Scenario 3


  1. A private lot within 50 feet of an ATM is overgrown with trees and bushes.

  2. The trees and bushes are blocking the light.

Question: Must the bank maintain private property to conform with Act?

Dept. Opinion: No, the bank is not responsible for maintaining property of others to insure compliance with the Act.

Scenario 4


  1. Both public and private property are located within 50 feet of an ATM.

  2. The private property is separated by a wood fence.

Question: Must the bank light the public and private property within 50 feet?

Dept. Opinion: If the fence obstructs lighting within 50 feet, the bank is not required to light up the private property on the other side of the fence. The fence would be considered an obstruction. As for the public property, if there are no obstructions the 50 foot requirement would have to be met.

Scenario 5

Fact: 1. A town building commission ordered a bank to lower the lighting intensity at a drive-up ATM because it adversely affected residents in the surrounding area and it was in violation of a town code.

Question:The bank requested guidance from the Department.

Dept. Opinion: The State Legislature has determined the amount of lighting necessary for the safeguarding and protection of persons at ATMs, and the town's building commission cannot pass upon lighting that is required by the Act. Sections 75-b and 75-c of the ATM Act mandate minimum lighting at ATMs, and both sections preempt local building codes in cases in which those codes conflict with the Act.


  • If a bank wishes to comply with the town code, it can apply for a variance or exemption, as set forth in the Act.
  • A bank can also take the position that the Act requires the lighting and the bank's compliance with the Act cannot be deemed a violation of the town’s building code.

Scenario 6


  1. A walkup/drive-up ATM is located 10 feet away from the bank's property line.

  2. A six-inch (6") high curb separates both properties.

  3. An open parking lot is located on the other side of property line and is used by the bank's customers when using the ATM.

Question: Must the bank light up property not owned or leased by it to conform to the 50 foot requirement in Section 75-b(4)(ii)?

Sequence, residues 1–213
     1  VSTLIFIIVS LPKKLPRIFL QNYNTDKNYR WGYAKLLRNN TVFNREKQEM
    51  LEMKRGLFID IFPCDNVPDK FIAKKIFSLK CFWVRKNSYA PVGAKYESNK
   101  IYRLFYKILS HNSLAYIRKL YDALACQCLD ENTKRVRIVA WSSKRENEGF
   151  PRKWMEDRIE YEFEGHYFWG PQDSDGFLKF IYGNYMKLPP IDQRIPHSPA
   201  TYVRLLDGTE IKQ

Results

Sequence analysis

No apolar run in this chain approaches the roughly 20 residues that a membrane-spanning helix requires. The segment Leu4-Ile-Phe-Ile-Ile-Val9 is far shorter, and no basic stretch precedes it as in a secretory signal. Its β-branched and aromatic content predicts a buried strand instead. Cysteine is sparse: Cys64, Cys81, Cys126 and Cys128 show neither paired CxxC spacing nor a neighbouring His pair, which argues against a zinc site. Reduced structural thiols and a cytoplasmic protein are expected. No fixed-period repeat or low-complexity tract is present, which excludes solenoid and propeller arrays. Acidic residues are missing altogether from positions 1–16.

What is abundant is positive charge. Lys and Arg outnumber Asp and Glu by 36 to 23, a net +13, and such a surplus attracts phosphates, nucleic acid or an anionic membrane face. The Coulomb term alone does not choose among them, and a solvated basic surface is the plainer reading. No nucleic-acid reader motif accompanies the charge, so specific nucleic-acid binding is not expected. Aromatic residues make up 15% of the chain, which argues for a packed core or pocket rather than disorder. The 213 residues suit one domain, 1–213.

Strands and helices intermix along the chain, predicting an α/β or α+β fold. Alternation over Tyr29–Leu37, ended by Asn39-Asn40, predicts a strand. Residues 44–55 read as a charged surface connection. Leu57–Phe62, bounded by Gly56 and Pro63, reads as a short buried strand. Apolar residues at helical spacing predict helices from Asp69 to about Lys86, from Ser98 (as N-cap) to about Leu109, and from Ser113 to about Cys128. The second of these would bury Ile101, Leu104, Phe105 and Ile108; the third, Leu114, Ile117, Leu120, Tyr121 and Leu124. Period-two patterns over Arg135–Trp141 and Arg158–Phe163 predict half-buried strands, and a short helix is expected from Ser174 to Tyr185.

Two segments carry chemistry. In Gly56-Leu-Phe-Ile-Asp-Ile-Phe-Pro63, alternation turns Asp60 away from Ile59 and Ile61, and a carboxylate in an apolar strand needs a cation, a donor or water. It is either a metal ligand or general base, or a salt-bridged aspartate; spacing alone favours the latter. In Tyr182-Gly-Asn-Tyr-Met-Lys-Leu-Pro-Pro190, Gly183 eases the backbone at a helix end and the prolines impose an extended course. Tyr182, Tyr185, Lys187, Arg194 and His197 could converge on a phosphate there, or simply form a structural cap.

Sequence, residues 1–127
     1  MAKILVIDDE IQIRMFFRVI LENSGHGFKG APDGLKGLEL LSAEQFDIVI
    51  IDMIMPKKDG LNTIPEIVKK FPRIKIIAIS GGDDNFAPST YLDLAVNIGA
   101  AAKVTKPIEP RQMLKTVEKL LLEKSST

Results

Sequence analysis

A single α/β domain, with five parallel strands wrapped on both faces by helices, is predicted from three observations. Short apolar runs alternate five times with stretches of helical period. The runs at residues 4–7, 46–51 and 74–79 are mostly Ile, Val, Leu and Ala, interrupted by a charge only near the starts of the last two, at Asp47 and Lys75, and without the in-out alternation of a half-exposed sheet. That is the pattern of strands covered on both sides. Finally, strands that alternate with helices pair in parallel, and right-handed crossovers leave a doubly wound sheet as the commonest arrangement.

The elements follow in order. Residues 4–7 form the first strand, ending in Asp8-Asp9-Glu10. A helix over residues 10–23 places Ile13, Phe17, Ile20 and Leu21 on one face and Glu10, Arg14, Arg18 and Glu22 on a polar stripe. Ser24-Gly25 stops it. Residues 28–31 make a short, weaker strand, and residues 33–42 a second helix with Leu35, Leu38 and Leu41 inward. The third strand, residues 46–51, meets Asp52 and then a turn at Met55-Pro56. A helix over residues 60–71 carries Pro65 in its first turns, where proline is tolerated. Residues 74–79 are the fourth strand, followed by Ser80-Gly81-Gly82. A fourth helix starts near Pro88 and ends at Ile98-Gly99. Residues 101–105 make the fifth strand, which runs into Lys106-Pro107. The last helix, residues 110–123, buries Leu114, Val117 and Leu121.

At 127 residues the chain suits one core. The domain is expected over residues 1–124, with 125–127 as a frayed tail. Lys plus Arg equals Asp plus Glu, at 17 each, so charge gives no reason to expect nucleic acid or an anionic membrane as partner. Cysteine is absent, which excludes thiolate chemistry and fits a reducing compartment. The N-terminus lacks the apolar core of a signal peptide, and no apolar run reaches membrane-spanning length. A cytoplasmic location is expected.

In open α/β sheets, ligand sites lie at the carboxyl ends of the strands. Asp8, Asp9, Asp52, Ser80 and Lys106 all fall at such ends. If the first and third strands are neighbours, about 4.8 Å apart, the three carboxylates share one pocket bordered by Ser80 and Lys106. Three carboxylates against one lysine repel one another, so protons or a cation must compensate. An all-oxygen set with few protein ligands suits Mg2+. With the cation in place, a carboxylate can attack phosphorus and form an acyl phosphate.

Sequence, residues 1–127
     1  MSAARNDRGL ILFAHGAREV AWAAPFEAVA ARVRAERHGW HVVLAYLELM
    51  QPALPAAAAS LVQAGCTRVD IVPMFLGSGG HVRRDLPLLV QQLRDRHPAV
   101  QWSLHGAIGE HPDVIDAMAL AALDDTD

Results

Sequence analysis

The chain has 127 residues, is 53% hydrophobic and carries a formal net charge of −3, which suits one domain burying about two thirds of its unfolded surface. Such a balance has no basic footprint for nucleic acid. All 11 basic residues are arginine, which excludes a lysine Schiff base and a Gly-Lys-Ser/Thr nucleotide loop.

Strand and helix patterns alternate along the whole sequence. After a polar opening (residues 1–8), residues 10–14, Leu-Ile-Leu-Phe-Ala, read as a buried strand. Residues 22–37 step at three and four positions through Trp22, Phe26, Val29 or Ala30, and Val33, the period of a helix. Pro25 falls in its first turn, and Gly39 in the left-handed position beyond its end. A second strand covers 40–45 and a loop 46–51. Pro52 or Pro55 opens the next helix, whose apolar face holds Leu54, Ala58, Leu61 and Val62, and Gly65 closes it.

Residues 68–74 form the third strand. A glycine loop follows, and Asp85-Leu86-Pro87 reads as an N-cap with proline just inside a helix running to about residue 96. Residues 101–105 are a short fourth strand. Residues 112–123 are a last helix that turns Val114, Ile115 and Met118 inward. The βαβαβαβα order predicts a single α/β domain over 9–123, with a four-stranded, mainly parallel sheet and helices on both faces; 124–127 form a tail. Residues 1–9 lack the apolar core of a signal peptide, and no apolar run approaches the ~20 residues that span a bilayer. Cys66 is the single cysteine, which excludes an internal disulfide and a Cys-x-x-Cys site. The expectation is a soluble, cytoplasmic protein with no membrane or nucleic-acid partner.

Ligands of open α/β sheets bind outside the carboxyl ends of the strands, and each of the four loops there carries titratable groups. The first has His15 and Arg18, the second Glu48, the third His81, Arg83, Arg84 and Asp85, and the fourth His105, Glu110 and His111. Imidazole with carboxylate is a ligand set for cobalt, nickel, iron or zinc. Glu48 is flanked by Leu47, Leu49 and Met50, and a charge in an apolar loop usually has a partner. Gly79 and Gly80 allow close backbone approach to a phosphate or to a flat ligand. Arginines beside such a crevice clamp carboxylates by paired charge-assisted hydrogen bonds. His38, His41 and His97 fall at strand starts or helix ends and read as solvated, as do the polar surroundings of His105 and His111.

Dept. Opinion: Yes. The Act mandates that lighting requirements be maintained even if it necessitates lighting property owned or leased by others if there are no obstructions blocking the light.

CAMERAS: Article II-AA, Section 75-b (3), 75-c (1) of the Banking Law

Scenario 7


  1. A bank was issued a violation notice because its cameras failed to view and record all persons entering the ATM facility during regular banking hours.

  2. The branch video system has eight cameras, six in the branch, two in the vestibule where the ATM is located. As such, during regular banking hours, the VCR records images in sequential order every 11 seconds. Thus, the images from each of the eight cameras are recorded every 11 seconds.

After regular banking hours, the images from the two vestibule cameras record an image every two seconds.

Definition: 75-b (3) ATM facility - is defined as "an area within the dominion and control of a banking institution, comprised of one or more automated teller machines and any adjacent space which is made available to banking customers after regular banking hours."

The bank opined the ATM contained in the vestibule was not an "ATM facility" during regular banking hours, but rather became an "ATM facility" only after regular banking hours when the vestibule is locked and is accessed with a device.

Question: Does the definition of an "automated teller machine facility" support the bank's claim that it was not in violation?

Dept. Opinion: The Banking Department concurred with the bank's opinion. Although the statutory language is somewhat ambiguous, it would appear that the Legislature would not have added the term "after regular banking hours" to the definition of "automated teller machine facility" if it had intended the provisions of the Act to be applicable during "regular banking hours".

Furthermore, the fact that ATMs which are only available for use during "regular business hours" are clearly not within the purview of the Act supports the position that ATMs available for use 24 hours a day should only be subject to the Act "after regular business hours".

DRIVE-UP ATMS - Article II-AA, Section 75-b (4) (b) (ii) and (iii) of the Banking Law

Scenario 8


  1. A drive-up ATM was issued a violation for not maintaining 2 CFP within 50 feet of the walkup/drive-up from all unobstructed directions.

  2. The bank asserted that the Act only addresses indoor ATM facilities and those "open to the outdoor air" and that it makes no distinction between walkup ATM and a drive-up ATM.